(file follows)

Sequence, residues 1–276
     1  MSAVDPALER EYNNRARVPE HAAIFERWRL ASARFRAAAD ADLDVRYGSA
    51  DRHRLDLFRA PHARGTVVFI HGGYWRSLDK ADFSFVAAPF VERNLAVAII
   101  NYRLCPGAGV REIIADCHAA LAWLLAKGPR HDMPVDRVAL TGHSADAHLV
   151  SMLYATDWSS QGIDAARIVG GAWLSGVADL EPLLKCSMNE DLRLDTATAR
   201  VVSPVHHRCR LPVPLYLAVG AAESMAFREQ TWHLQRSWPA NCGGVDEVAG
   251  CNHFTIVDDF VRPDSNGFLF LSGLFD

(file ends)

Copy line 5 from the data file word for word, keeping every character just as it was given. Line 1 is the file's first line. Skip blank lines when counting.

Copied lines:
   151  SMLYATDWSS QGIDAARIVG GAWLSGVADL EPLLKCSMNE DLRLDTATAR